Saturday, October 6, 2007

Magic bullets for electricity miss their marks

Ever since Edison, commercial electric power has been linked with "magic bullets" that could somehow slay one or another economic or environmental dragon. All have missed their marks.

A prediction widely quoted in the 1940s and 1950s from the late Alvin Weinberg, former director of Oak Ridge National Laboratory, said nuclear reactors would produce electricity "too cheap to measure." Like many scientists of his era, Weinberg grossly underestimated the costs of achieving safe operation. As true costs emerged from the late 1960s through the 1970s, prices of nuclear power-plants spiraled and orders dwindled. After the Three Mile Island disaster in 1979 no new orders were placed, and most outstanding orders were cancelled. For about thirty years the U.S. nuclear power industry went into hibernation. Despite billions of dollars and more than four decades of effort, no reliable solution has yet been demonstrated for the long-term storage of nuclear waste.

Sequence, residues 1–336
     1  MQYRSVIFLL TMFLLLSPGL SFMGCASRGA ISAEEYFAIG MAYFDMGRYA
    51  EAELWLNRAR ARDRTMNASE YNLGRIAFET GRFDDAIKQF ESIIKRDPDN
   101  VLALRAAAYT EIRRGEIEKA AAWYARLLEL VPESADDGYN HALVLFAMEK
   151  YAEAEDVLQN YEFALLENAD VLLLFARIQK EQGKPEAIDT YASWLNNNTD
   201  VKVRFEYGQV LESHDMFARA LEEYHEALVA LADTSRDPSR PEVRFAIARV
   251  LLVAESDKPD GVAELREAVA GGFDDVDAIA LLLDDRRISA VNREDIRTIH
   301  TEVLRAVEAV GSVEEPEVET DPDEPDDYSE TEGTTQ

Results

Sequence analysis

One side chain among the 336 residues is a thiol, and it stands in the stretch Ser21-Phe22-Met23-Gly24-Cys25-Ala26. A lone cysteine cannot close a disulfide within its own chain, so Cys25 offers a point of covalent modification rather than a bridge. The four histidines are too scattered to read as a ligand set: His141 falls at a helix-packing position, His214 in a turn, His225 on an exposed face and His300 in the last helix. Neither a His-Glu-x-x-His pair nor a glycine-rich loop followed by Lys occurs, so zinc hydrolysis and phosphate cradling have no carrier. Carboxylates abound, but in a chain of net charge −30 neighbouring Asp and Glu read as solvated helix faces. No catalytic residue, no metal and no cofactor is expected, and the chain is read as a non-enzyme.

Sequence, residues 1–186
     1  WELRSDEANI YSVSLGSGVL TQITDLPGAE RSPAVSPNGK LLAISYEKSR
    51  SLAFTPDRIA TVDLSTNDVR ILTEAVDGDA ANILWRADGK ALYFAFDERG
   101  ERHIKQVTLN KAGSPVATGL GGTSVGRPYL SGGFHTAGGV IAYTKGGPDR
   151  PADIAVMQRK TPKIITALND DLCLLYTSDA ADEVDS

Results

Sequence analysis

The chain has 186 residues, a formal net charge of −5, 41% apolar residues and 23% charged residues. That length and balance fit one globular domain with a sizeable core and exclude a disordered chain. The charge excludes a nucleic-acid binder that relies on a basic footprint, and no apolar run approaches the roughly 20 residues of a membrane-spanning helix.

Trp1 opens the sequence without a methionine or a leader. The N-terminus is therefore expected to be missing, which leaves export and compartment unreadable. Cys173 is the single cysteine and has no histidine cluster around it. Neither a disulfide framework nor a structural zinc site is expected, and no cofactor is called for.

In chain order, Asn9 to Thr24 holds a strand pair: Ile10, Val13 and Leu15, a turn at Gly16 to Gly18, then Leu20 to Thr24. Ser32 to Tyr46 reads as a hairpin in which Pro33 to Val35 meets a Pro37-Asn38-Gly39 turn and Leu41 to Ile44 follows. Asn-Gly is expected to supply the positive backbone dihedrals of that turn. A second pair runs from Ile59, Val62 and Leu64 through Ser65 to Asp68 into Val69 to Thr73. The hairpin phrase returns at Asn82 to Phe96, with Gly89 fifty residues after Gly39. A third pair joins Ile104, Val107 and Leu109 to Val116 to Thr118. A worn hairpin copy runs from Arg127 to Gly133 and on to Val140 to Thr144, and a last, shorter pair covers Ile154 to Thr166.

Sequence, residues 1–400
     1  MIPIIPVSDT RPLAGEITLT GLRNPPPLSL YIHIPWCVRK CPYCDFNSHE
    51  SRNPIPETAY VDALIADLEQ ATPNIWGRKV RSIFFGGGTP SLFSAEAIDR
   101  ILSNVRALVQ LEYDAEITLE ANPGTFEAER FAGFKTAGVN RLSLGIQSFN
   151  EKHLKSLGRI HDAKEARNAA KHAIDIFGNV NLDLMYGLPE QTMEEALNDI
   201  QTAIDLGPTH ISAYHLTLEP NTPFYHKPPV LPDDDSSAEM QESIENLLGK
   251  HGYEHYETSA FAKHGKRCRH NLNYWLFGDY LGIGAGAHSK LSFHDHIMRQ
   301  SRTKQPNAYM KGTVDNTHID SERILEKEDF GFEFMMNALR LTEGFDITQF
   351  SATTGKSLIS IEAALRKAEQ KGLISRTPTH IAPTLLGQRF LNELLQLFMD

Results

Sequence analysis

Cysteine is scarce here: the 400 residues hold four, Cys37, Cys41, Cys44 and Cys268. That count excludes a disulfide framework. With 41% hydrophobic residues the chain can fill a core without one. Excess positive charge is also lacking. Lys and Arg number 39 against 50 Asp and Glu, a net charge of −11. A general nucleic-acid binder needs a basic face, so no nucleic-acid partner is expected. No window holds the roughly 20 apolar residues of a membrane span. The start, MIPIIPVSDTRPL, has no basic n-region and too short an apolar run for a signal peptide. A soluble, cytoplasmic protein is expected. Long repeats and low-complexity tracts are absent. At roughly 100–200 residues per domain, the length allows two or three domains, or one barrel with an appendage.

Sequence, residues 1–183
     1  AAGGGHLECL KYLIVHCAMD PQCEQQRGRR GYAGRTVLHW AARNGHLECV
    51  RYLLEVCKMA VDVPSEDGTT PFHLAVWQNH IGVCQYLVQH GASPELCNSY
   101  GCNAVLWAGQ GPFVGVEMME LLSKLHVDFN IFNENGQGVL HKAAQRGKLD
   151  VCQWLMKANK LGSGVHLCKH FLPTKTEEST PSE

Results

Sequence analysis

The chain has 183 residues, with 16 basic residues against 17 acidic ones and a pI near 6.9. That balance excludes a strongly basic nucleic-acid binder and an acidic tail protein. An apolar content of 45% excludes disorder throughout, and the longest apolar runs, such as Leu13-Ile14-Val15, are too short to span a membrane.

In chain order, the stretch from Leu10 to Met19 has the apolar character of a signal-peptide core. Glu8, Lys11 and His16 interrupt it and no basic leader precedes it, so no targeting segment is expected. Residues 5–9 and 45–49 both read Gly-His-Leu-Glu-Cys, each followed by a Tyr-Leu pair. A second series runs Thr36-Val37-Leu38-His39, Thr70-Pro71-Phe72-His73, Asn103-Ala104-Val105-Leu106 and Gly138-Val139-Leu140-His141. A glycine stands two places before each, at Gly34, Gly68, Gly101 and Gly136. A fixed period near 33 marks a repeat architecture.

Commercial electricity has long been promoted as "clean" power, but that can prove true only for people who live far from power-plants. All forms of concentrated energy production present environmental hazards. From the 1880s through the 1940s hydroelectric power was often promoted as an environmental ideal, minimizing its potential to destroy impounded and downstream habitat, devastate fish stocks, and create major hazards from dam collapse. Those concerns caused the Eisenhower administration to stop new commitments for federal dams and reservoirs. Hydroelectric power has remained stagnant since then in the United States, shrinking as a source of electricity from about 35 percent in 1940 to about 10 percent in 2005.